Does your business have the budget and scalability to constantly keep up with new content moderation challenges? If not, then what’s the solution?

Implio: The All-In-One Moderation Tool

Getting content moderation right for your business is a complicated matter. With an off-the-shelf tool like Besedo’s Implio you’ve got instantly up-to-date content moderation expertise and technology right out the box.

Considering switching to an off-the-shelf solution? We’ve created this handy checklist to help you. And if you’re still not convinced about the benefits of outsourcing your content moderation, why not take a look at our white paper to see how outsourcing can help free up resources?

If you have decided to see what Besedo can do for you, find out how to manage a smooth migration with our cheat sheet

Responsible & Transparent Partnerships

At Besedo, we’ve been working with businesses like yours for over 19 years. Since 2002, we’ve offered content moderation insight and foresight to our partners based on trends and the vast pool of data that we handle.

To give you an idea of scale, we review over 570 million pieces of content and block nearly 40 million fraud and scam attempts every year. You’re proud of your product and we’re passionate about giving your end-users the best possible experience in a safe environment.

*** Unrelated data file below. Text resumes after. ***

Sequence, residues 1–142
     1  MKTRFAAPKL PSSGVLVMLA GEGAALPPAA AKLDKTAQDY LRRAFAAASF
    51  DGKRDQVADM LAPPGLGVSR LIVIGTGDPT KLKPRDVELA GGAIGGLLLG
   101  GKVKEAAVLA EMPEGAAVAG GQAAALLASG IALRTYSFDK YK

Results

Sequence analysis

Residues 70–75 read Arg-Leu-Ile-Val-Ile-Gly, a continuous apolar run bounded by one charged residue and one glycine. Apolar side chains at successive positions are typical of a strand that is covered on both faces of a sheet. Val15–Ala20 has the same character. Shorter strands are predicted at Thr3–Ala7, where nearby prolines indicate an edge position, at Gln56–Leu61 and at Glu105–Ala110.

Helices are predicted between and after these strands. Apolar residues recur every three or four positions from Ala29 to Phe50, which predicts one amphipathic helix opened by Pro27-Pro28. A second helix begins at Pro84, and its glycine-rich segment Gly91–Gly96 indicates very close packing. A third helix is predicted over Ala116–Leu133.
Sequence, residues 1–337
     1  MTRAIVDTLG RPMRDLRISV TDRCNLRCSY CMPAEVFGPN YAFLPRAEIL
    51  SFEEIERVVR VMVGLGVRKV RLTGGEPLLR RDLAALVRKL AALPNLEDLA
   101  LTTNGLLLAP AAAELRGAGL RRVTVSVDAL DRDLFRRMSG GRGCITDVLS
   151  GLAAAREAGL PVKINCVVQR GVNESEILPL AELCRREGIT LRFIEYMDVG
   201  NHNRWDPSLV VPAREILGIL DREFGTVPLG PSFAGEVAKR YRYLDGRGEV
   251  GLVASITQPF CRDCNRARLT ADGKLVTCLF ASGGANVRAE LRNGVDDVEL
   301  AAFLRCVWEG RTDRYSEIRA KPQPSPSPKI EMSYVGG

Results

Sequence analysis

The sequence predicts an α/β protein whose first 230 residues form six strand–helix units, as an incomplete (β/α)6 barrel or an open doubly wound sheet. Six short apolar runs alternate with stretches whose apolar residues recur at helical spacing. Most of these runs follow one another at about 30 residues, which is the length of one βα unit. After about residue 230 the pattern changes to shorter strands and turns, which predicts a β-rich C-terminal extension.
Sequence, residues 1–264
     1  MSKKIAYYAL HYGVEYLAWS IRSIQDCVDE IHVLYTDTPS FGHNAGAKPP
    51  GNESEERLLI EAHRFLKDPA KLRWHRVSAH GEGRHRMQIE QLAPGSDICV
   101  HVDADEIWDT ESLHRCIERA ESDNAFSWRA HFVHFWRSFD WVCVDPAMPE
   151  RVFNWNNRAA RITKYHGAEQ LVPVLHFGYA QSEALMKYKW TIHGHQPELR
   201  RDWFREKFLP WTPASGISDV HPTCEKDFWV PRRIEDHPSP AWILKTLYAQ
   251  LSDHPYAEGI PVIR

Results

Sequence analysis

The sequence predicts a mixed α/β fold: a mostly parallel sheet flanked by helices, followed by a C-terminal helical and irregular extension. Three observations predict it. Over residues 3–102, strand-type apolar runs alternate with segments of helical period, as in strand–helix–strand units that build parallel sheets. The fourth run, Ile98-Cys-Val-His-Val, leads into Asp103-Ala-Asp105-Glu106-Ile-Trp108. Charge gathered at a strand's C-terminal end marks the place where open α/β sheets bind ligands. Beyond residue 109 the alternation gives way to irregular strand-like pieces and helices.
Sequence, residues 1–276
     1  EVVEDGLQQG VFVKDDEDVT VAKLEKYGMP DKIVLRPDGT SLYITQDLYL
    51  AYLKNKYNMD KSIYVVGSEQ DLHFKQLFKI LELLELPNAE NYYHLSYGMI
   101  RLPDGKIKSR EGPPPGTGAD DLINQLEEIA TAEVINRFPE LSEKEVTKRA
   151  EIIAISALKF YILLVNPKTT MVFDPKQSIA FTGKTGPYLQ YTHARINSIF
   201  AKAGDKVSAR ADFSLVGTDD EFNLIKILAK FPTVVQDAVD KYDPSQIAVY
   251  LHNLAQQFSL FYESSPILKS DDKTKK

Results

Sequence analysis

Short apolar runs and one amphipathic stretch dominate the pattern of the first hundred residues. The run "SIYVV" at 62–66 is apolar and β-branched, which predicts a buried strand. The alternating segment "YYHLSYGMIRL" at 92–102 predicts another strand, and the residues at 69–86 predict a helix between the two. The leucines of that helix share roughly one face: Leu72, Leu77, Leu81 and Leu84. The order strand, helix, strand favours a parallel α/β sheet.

Rather than outsourcing your customer support, think of us as an extension to your team. With 350 employees from 20 over different nationalities, we’re a global and multi-cultural company who can help with localized expertise.

We provide tailored content moderation strategies and solutions to suit your businesses’ needs. You know your site best, but if you’re seeking a second opinion, we can even consult with you to identify the strongest setup for your needs.

Want to see how we can help? Find out more about working with us and request a demo today.

It’s been a long time since social media was simply a recreational diversion for its users. While the early days of social networks were dominated by the excitement of reconnecting with old school friends and staying in touch with distant relatives, they have continued to grow rapidly, and in the process have become embedded in every aspect of society.

Today, it’s unremarkable to hear a tweet being read out on the news – fifteen years ago when Twitter was founded, having social media form part of current affairs reporting would have been unimaginable. This growth has been so fast that it’s easy to believe that we have hit a ceiling and that these platforms couldn’t take center stage any more strongly than they already have.

Even though we’re just a couple of months in, 2021 is shaping up to be a year which, once again, proves that belief wrong. The fact that the gravitational pull of social media on the rest of the world is continuing to grow has enormous consequences for businesses: not just the platforms themselves, but every business that deals with user-generated content.

Content moderation: a high priority with high stakes

Late last year, Gartner predicted that “30% of large organizations will identify content moderation services for user-generated content as a C-suite priority” by 2024. It’s not hard to guess why it was on their radar. All of the biggest global stories of 2020 were marked, in one way or another, by the influence of social media.